In a Washington Post article on this, Johnny Hardin, president of the Alabama High School Athletic Association’s Central Board of Control also cited Ms. Peoples.

"Hardin pointed out that another high school student in Illinois, Notre Dame recruit Anaya Peoples, called her high school after receiving the money from USA Basketball and returned it without cashing or depositing the check. She remained eligible."

There are differing opinions between Miller and Hardin as to whether the expense check was cashed, but what is very apparent is that Peoples informed authorities of the check. And, perhaps most importantly, the Illinois High School Athletic Association showed some common sense in diffusing the situation.

Unless of course, you think they called the NCAA transfer review board....:rolleyes:;)
 
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#15
This is just plain stupid! Savarese works for somebody. The Davenport family needs to escalate until they find a reasonable adult, lawyer up if necessary, and make the case via social media quickly.[/QUOTE]

Well put. Savarese does work for someone, one Johnny Hardin, and he double down on behalf of Savarese, the organization and the the ruling. In fact, he cited the cases of Anaya Peoples and Aliyah Blackwell -- who were also sent expense checks -- as supporting points to his argument that Alabama is in the right. (Of course what it says to me is that Illinois comparable oversight committees have a lot more common-sense approach to sport oversight in this instance.) And of course, the adults involved should've known better.

Rules can be amended, but only at regular intervals, according to Mr. Hardin, which won't do Ms. Davenport any good.

Seems like a lawyer is needed....

AHSAA News | Statement by AHSAA Central Board of Control Presiden
 
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#16
I heard Lobo talking about it. She received a check from USA basketball, cashed it and played.
 
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#17
It sounds like a very odd situation and a sad one overall. I wonder if there isn't more to it with the Alabama association.

State associations have a tough job now since most of the "top" athletes in all sports participate in leagues, travel tournaments, and the issue of amateurism can get a little sticky. I'm all about enforcing the rules if a coach or school messes up but in this case it appears the player didn't really do anything to deserve the punishment and it hurts her and the team. Of course she will still have college ball at RU but it seems unfair to prevent her from playing this season to prove a point.

I'm sure the association is catching a ton of flack for the decision but it doesn't sound like they plan to budge.
 
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#19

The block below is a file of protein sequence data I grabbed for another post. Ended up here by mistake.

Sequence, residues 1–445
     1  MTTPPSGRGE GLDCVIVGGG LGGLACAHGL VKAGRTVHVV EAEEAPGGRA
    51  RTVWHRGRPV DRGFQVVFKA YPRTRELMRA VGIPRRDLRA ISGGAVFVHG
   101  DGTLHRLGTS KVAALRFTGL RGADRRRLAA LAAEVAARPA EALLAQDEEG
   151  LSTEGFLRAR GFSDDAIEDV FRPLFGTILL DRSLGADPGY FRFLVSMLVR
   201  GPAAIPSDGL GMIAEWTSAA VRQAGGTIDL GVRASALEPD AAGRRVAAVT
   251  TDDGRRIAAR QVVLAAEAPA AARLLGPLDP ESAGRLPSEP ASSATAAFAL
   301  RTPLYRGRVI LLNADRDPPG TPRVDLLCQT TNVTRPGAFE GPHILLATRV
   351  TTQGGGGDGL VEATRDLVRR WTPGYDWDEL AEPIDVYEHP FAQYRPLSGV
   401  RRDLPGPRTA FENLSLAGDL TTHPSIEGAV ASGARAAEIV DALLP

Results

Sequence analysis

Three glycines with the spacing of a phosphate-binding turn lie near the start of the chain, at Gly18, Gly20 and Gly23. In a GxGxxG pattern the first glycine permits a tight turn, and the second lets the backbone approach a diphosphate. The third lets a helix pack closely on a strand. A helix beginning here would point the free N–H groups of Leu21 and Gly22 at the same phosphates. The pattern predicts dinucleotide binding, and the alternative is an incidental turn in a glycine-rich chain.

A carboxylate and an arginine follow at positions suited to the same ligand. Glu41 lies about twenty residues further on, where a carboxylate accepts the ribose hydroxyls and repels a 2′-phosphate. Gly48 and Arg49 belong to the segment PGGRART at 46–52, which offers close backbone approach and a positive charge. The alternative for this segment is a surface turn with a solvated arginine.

If this would have happened to a young man and that young man played high school football in Alabama, the athletic association, well Mr. Savarese, would have looked the other way or made an exception in order for the player to play. To show us how messed up this situation is, the NCAA, which we know how messed up they can be at times, isn't even going to allow this clerical error to impact her eligibility!!


Sad on some many levels. Mr. Saverese should read a book (great book by the way) by Joe Ehrmann "Inside Out Coaching". In the book, Joe talks about two kinds of coaches: The transactional kind, who are in it for themselves and all of the money and power that comes with the coaching position, and the transformational kind, who are motivated to positively impact the lives of young people. Yes. I know Saverese is not a coach but this applies to this situation as well. He has placed himself in the "transactional kind". I swear folks lack common sense.
 

DefenseBB

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#20
Ah, DefenseBB, in your haste to find a target worthy of your snarkiness, you went for an apples and oranges reach, when -- in fact -- there was a ND connection to this story in the here and now.

To wit: ND recruit Anaya Peoples also played on that team and also received a check from USA Basketball . According to an ESPNw article":...."Hardin pointed out that another high school student in Illinois, Notre Dame recruit Anaya Peoples, called her high school after receiving the money from USA Basketball and returned it without cashing or depositing the check. She remained eligible."

Unless of course, you think they called the NCAA transfer review board....:rolleyes:;)
Some have called me prescient...:D (green emoji just for you!)
 

oldude

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#21
What about my question if she had decided to attend Bama in stead of Rutgers?
 
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#22
It sounds like a very odd situation and a sad one overall. I wonder if there isn't more to it with the Alabama association.
I can't help but wonder either. This is one of those situations where I feel like there are only two possibilities: either they're (a) corrupt or (b) total morons.

You know it's a bad situation when the best-case scenario is you're dealing with total morons.
 

oldude

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#23
Savarese has been involved in Alabama HS sports for 50 years as a coach, teacher, administrator, etc. That likely puts him in his 70’s. When he started out the only girls sport at most Alabama HS’s was probably cheerleading. There was no Title 9, AAU basketball or Olympic and international basketball for women.

Not all 70 year old men are living in the Stone Age, but it certainly appears this guy is.
 

oldude

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#25
Entirely possible, although Savarese is a NY native and attended college in Kansas at Southwestern College and Wichita State.
AHSFHS.org - Alabama High School Football Coaches
I appreciate the information. While Savarese was born in Glencoe, NY, it appears that he grew up in Leeds, AL, went to school in KS, where he coached for several years before returning to AL, where he’s been for many years.

He appears to be dug in on this issue. It’s either out of fear, ignorance or some other unacceptable reason. The national publicity that AL is receiving on this issue is not desirable